Volume 70, Issue 5 p. 1442-1449
Clinical Investigation

The relationship between multimorbidity, obesity and functional impairment in older adults

David H. Lynch BMBS

Corresponding Author

David H. Lynch BMBS

Division of Geriatric Medicine and Center for Aging and Health, University of North Carolina, Chapel Hill, North Carolina, USA

Correspondence

David H Lynch, Division of Geriatric Medicine and Center for Aging and Health, University of North Carolina, 5003 Old Clinic/CB #7550, Chapel Hill, NC 27599, USA.

Email: [email protected]

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Curtis L. Petersen PhD

Curtis L. Petersen PhD

The Dartmouth Institute for Health Policy, Dartmouth College, Hanover, New Hampshire, USA

Quantitative Biomedical Sciences Program, Dartmouth Geisel School of Medicine, Hanover, New Hampshire, USA

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Marco M. Fanous BS

Marco M. Fanous BS

Division of Geriatric Medicine and Center for Aging and Health, University of North Carolina, Chapel Hill, North Carolina, USA

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Hillary B. Spangler MD

Hillary B. Spangler MD

Division of Geriatric Medicine and Center for Aging and Health, University of North Carolina, Chapel Hill, North Carolina, USA

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Anna R. Kahkoska MD, PhD

Anna R. Kahkoska MD, PhD

Department of Nutrition, Gillings School of Global Public Health, University of North Carolina, Chapel Hill, North Carolina, USA

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Daniel Jimenez MD, PhD

Daniel Jimenez MD, PhD

Department of Psychiatry and Behavioral Sciences, University of Miami Miller School of Medicine, Miami, Florida, USA

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John A. Batsis MD

John A. Batsis MD

Division of Geriatric Medicine and Center for Aging and Health, University of North Carolina, Chapel Hill, North Carolina, USA

Department of Nutrition, Gillings School of Global Public Health, University of North Carolina, Chapel Hill, North Carolina, USA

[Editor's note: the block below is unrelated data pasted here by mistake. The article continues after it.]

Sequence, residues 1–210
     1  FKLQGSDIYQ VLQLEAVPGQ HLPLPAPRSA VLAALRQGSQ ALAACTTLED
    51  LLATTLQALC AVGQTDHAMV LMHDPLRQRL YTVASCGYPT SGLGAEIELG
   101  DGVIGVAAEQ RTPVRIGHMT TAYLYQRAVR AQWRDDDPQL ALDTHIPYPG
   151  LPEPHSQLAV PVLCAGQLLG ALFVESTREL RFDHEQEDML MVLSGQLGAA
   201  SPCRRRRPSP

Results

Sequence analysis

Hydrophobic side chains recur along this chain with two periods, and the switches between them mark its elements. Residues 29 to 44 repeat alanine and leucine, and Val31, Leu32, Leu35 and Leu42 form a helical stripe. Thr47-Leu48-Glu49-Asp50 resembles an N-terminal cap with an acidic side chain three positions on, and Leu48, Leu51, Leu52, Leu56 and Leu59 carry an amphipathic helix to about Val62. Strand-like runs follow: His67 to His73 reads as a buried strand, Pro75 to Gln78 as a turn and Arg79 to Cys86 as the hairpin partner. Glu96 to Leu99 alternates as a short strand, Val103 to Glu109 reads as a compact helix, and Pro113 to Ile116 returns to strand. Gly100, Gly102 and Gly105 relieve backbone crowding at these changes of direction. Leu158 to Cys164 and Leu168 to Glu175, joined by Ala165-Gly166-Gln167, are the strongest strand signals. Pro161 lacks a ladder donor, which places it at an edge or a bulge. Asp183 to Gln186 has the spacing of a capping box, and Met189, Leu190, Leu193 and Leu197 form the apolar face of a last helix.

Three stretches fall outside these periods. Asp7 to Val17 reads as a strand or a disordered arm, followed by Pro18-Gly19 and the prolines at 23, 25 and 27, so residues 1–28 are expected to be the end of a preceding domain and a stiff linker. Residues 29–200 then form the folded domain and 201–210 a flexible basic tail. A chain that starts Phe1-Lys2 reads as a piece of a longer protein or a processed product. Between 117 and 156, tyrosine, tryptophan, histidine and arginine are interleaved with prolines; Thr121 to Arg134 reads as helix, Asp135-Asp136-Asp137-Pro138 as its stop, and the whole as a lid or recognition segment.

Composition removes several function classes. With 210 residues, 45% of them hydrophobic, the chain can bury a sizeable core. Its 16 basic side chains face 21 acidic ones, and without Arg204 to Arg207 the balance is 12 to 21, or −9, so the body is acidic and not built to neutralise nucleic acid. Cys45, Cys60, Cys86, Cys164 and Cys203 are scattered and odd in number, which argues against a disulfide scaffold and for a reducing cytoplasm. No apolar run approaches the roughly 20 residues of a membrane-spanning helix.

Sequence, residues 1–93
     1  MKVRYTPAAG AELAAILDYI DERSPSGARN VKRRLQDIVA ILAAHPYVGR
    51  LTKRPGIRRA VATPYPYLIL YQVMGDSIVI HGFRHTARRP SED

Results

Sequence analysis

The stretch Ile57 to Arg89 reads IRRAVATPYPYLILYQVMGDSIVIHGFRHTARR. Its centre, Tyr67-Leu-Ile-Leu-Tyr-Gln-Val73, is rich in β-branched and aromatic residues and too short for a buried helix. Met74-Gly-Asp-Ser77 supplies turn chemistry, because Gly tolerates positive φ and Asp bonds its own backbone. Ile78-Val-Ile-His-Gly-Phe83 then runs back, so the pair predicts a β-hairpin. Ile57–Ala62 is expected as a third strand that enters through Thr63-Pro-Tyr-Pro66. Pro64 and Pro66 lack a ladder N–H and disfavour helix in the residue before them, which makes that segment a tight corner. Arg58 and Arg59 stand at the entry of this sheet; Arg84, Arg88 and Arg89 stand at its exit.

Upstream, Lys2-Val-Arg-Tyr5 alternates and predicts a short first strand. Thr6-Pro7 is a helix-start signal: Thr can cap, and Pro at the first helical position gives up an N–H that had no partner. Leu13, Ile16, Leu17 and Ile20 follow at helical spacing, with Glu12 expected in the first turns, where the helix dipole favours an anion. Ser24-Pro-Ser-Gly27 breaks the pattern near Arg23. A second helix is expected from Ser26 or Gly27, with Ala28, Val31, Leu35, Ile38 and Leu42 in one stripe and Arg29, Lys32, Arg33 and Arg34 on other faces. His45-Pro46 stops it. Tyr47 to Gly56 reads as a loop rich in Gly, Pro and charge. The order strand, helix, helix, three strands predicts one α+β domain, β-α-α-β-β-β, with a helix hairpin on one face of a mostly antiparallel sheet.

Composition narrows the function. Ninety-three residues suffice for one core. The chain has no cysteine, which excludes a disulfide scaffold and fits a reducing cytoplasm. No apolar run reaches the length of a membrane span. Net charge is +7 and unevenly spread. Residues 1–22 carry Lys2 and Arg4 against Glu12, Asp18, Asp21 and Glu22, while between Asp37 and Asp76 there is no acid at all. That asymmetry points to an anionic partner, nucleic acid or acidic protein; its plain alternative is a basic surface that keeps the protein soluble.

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First published: 03 February 2022
Citations: 12

Funding information: National Center for Advancing Translational Sciences, Grant/Award Number: KL2TR002490; National Institute on Aging, Grant/Award Number: K23 AG051681

Abstract

Background

Declining mortality rates and an aging population have contributed to increasing rates of multimorbidity (MM) in the United States. MM is strongly associated with a decline in physical function. Obesity is an important risk factor for the development of MM, and its prevalence continues to rise. Our study aimed to evaluate the associations between obesity, MM, and rates of functional limitations in older adults.

Methods

We analyzed body mass index (BMI) and self-reported comorbidity data from 7261 individuals aged ≥60 years from the National Health and Nutrition Examination Surveys 2005–2014. Weight status was defined based on standard BMI categories. MM was defined as 2 or more comorbidities, while functional limitations were self-reported. Adjusted logistic regression quantified the association between standard BMI categories and MM. We also examined the difference in the prevalence of limitations between those with and without MM.

Results

The overall proportion of individuals with concomitant MM and obesity was 27.0%. Compared to a normal BMI, older adults with obesity had higher odds of MM (Prevalence odds ratio 1.79, 95% CI 1.49, 2.12). Overall, 67.5% of patients with MM also reported a functional limitation, with rates of functional limitation increasing with increasing BMI. When evaluating functional limitations in those with MM by BMI class, 90% of patients classified as severely obese (BMI ≥40 kg/m2) with MM also had a concomitant functional limitation.

Conclusions

Compared to normal weight status, obesity is associated with an increased burden of MM and functional limitation among older adults. Our results underscore the importance of identifying and addressing obesity, MM, and functional limitation patterns and the need for evidence-based interventions that address all three conditions in this population.

CONFLICT OF INTEREST

The author declares that there is no conflict of interest that could be perceived as prejudicing the impartiality of the research reported.